Design and analysis of a soft robotic glove for rehabilitation therapy
Rieger, Claire M.
AdvisorDesai, Jaydip M.
MetadataShow full item record
Strokes often lead to hemiparesis of the hand. This renders individuals unable to actively flex or extend the affected hand’s fingers. Currently the only option for improvement is therapy to improve the neuromuscular connection and maintain ROM (Range of Motion). Conventional therapy is costly and time consuming. It involves in person visits and at home exercises. Soft robotics has a significant potential in rehabilitative and assistive exoskeletons. The flexible materials deliver a gentle, accessible therapy, minimizing possible injury and increasing the possibility of recovery. This research aimed to design and evaluate an optimized pneumatically actuated soft robotic glove for rehabilitative tasks which will execute the motion of the hand. While there are existing soft robotic gloves, this unique design will allow users to self-actuate their therapy through re-extending the hand using a layer of flexible steel. The resistive layer causes the fingers to return to a straightened position after the pneumatic actuator has released the air pressure which causes it to curl. This design underwent prototyping, evaluation, and human subject testing. This glove, tested by 10 unimpaired subjects, assisted in extension while minimally impairing the glove’s flexion performance. The actuations consistently achieved an average peak of 75° or greater during passive assisted motion. An addition of the steel layer lowered the blocked tip force by an average of 18.13% for all five fingers. The maximum blocked tip force with the steel ranged from 12.7-14.1 N. During passive assisted testing, participants accomplished 80.75% of their normal active flexion ROM when neglecting outliers with the steel lined glove. This data shows strong evidence that this glove would be appropriate to advance to human subject testing on those who do have post stroke hand impairments.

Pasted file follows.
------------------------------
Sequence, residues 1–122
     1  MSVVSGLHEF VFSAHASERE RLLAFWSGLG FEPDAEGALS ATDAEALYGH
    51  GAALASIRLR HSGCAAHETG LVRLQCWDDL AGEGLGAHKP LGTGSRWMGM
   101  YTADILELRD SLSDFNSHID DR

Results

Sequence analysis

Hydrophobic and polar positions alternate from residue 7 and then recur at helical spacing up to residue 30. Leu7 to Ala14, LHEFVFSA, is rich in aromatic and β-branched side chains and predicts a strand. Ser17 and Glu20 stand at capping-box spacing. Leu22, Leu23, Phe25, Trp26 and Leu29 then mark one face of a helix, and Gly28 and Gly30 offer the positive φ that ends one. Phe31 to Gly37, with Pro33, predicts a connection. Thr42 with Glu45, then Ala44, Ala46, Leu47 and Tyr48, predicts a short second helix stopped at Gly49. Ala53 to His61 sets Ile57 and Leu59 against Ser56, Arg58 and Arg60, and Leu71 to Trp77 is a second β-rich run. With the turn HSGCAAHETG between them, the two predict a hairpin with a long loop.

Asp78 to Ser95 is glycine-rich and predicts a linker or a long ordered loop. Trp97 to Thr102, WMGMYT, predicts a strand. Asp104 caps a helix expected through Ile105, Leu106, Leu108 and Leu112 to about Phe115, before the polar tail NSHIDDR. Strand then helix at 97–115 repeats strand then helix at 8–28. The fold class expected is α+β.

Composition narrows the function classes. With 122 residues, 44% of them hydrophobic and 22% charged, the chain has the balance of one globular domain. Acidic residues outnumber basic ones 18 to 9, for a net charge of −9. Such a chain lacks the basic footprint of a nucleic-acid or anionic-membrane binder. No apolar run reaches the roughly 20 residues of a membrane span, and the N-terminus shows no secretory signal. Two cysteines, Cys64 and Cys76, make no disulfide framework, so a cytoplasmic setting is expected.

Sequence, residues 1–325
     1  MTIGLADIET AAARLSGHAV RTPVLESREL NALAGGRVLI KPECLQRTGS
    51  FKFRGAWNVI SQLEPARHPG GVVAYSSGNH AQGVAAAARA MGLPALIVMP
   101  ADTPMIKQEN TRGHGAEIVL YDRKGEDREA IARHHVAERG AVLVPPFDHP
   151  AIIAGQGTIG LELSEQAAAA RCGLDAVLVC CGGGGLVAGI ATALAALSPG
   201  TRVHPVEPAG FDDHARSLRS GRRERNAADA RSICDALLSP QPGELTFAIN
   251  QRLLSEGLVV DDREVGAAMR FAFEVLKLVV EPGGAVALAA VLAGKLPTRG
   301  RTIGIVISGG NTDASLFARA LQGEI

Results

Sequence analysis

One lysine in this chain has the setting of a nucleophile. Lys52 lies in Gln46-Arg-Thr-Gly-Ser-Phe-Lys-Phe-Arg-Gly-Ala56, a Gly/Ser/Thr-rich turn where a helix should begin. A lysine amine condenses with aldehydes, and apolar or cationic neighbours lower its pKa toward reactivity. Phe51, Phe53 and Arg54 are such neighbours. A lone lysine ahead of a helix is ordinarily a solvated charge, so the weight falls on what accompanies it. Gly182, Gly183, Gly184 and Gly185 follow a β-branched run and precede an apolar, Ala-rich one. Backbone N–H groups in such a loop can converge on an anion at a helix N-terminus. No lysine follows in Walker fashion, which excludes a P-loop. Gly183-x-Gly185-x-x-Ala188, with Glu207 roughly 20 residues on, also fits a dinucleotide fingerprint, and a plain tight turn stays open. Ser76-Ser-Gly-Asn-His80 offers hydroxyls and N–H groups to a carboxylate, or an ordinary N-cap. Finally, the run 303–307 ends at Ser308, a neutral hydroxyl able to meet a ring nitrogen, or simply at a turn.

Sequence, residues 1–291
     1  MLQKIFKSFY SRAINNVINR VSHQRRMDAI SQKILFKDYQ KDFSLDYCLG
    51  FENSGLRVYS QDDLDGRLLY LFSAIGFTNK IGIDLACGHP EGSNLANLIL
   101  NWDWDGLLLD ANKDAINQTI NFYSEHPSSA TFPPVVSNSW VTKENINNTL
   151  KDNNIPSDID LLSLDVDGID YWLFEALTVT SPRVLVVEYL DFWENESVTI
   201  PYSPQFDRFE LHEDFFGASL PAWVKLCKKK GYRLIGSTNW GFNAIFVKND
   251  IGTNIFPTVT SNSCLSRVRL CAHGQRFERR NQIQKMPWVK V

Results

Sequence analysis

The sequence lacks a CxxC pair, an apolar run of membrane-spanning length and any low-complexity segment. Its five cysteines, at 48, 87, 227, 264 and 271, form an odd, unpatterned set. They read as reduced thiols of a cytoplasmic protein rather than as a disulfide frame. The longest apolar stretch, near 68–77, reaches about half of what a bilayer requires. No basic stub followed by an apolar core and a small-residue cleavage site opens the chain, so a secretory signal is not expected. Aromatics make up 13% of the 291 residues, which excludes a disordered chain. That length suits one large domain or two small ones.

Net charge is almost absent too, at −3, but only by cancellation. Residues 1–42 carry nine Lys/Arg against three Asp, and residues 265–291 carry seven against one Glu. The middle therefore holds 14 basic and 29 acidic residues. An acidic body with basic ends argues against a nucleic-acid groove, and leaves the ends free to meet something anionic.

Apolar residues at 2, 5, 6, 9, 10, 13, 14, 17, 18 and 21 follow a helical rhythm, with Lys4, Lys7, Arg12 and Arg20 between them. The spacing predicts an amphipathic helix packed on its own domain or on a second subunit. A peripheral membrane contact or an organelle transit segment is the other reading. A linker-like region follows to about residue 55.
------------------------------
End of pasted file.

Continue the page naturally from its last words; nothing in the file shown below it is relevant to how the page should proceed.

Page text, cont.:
Thesis (M.S.)-- Wichita State University, College of Engineering, Dept. of Biomedical Engineering